Monday, May 20, 2013

DNA Matching with a Third Cousin Revisited

DNA results are arriving for multiple family members who recently tested at 23andMe.  Processing and analyzing them is time-consuming.  Challenge Accepted.

First up for discussion is one of the first people to submit his DNA, my father's third cousin.  (Happy Birthday!)  Third cousins share a pair of great great grandparents; in this situation, Calvin Cook and Mary Neal, both born around 1830 in Morris County, New Jersey.  Once we reach the third cousin level of relation, the chances of sharing any identical DNA begin to decrease.  If third cousins do match, the percentage will be around 0.78% (watch the decimal) over two to six segments.

International Society of Genetic Genealogy

We lucked out and my father and his third cousin match within the predicted range:  0.93% over two segments.

23andMe autosomal DNA comparison between third cousins.
They share identical DNA on chromosomes 13 and 21.

The value in this information is uncovering which segments in the genome of my father and our third cousin could be attributed to Calvin Cook or Mary Neal.  As more people submit their DNA and compare their genome to ours, we can find matches.

23andMe autosomal DNA comparison
of two known third cousins
against two others who match both of them on the same identical area

These distant cousins match both my father and his third cousin on the same segment of their DNA.  This predicts that if we travel backwards in all of our family trees, we will find an identical branch, or the Most Recent Common Ancestor.

Finding the elusive Most Recent Common Ancestor is not easy.  Most distant cousins in the database do not have extensive family trees.

My father's three siblings tested their DNA.  Fortunately, all three also match their third cousin- with more DNA.  The amount of matching varies, but is still within a third cousin range.

23andMe autosomal DNA comparison
Relative Finder/DNA Relatives function
Four sets of known third cousins

23andMe autosomal comparison
Three siblings versus known third cousin.
The segments circled in red are segments newly identified as Cook/Neal genetic material.
All three siblings provide more matching DNA than the original comparison with my father.

My father's siblings share the two segments shared between my father and their third cousin, in addition to several other segments (marked in red in the screenshot above).  I can now identify these additional segments as Cook/Neal DNA in my father's siblings and their third cousin.  This enables me to identify more people in the database who share ancestry within our specific Cook/Neal branches.  This is especially important because Mary Neal is a "brick wall" in our family tree:  We do not have her parentage.  I suspect she is of Irish ancestry and am not surprised to find that most matches in common among my father, his siblings, and their third cousin are in Ireland.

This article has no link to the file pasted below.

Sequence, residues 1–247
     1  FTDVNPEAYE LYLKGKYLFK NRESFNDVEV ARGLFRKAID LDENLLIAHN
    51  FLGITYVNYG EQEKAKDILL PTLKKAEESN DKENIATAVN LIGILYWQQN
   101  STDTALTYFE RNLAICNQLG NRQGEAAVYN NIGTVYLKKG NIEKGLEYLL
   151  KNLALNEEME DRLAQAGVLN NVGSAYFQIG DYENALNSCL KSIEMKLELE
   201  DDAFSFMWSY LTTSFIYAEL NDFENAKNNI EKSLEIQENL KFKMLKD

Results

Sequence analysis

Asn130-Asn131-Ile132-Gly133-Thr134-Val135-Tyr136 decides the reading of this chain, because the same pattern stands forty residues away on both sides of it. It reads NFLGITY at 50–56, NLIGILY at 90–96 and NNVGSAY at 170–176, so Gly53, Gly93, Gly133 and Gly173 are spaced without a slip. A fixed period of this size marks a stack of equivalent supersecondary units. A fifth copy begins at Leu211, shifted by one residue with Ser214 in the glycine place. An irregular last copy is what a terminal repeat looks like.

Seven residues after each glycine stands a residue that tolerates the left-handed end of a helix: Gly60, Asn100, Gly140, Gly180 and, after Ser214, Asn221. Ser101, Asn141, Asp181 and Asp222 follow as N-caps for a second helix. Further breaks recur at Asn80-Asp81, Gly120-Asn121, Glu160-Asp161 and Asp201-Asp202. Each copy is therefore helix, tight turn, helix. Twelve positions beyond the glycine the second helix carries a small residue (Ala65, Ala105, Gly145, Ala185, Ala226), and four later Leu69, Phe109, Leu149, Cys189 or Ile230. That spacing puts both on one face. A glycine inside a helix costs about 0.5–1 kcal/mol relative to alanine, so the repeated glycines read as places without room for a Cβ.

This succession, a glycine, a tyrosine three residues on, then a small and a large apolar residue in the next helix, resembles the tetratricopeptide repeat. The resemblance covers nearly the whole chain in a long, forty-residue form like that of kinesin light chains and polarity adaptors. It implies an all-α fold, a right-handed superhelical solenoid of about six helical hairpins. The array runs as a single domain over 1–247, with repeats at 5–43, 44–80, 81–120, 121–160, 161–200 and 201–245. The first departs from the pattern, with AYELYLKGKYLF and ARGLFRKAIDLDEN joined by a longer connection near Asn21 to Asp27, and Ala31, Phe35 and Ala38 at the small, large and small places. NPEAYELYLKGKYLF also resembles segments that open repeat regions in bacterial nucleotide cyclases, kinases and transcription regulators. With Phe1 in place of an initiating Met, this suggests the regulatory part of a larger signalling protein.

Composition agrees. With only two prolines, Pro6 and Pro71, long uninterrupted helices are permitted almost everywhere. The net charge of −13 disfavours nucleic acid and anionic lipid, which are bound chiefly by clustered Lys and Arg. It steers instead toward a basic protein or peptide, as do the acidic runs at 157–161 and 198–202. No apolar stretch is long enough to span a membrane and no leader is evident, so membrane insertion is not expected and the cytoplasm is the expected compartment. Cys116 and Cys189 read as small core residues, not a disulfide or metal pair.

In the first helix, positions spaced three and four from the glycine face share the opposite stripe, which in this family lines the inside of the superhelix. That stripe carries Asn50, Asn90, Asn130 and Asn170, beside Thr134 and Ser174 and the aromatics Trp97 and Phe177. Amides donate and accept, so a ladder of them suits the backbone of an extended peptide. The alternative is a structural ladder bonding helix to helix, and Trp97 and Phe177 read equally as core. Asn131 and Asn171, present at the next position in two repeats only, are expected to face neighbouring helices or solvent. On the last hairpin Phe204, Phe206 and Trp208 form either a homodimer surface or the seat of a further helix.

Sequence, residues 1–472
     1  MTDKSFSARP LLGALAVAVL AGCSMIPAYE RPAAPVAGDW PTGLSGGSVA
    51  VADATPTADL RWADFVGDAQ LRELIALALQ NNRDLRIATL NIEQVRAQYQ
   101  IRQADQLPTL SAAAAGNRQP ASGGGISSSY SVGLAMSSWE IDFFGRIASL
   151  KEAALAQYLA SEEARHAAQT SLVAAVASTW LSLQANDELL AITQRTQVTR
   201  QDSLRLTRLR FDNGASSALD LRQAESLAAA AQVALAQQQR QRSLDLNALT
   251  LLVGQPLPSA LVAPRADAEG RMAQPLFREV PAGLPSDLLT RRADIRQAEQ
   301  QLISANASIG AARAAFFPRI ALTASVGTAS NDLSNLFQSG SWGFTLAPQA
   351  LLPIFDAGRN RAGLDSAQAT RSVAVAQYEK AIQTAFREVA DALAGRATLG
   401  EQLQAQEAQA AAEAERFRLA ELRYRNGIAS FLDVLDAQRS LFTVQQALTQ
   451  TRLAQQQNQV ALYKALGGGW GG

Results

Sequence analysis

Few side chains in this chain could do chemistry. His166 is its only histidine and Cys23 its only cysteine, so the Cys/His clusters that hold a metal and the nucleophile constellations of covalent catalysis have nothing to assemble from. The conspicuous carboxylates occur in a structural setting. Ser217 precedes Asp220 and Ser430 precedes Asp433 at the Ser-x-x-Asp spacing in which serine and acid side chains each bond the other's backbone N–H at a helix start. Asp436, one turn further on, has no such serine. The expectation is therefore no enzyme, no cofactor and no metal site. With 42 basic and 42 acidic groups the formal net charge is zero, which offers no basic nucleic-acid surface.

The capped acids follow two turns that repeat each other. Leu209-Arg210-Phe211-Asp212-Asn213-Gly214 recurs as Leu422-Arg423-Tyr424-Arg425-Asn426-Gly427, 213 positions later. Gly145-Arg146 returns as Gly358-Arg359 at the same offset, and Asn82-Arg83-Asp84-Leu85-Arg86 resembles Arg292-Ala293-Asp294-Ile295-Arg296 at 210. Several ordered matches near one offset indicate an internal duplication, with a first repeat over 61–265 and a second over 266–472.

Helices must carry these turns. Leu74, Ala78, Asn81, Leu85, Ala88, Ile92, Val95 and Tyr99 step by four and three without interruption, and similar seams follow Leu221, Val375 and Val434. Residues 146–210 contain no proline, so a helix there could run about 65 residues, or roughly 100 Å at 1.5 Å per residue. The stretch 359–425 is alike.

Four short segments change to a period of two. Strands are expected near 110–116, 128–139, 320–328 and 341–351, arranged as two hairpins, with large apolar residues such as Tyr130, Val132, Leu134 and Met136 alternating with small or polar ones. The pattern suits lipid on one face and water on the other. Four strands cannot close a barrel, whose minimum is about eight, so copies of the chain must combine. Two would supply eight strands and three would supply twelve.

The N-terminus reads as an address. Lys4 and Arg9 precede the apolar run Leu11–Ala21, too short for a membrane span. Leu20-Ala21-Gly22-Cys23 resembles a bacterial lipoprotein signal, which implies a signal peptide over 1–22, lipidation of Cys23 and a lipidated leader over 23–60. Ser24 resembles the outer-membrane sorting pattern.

Next, we consider the DNA shared between this third cousin and the next generation:  My sister and me.  Our relationship is called Third Cousins, Once Removed.

23andMe autosomal DNA comparison
between two siblings and known third cousin, once removed

I share no DNA with my third cousin, once removed, while my sister shares one small segment.  This is entirely possible and demonstrates how little DNA, if at all, you share with distant relatives.

Now here is where you can and will run into trouble with your DNA comparisons.
Let's say that my parents and their siblings were not available to test.  This is a very real situation for most of you reading this.  After finding no shared DNA between me and this third cousin, once removed, we might question our records and wonder if we had a non-paternal event in our lines.  Next my sister tests and are relieved and thrilled to find some shared DNA.  Looking at my sister's small segment shared with this third cousin, once removed, we would incorrectly conclude that this little segment is Cook and/or Neal DNA.  The segment shared between my sister and our third cousin is not from our father, but rather from our mother and is likely not Cook or Neal DNA.  (Leave open the possibility that our mother is related to Mary Neal, our father's great great grandmother.)

23andMe autosomal DNA comparison
Known paternal third cousin versus father/mother/child trio.
The green segments represent third cousin matching.
The blue segments represent a match to a distant cousin, passed on to the next generation.

Fascinating, isn't it?  Our father's cousin is also our mother's cousin!  Our father shares two large segments of DNA with his third cousin and we inherited none of it.  The small segment shared between my mother and my father's third cousin is inherited by my sister only.

Testing more cousins on our mother's side should help assign this double cousin to a maternal branch as well.  (Hint hint.)

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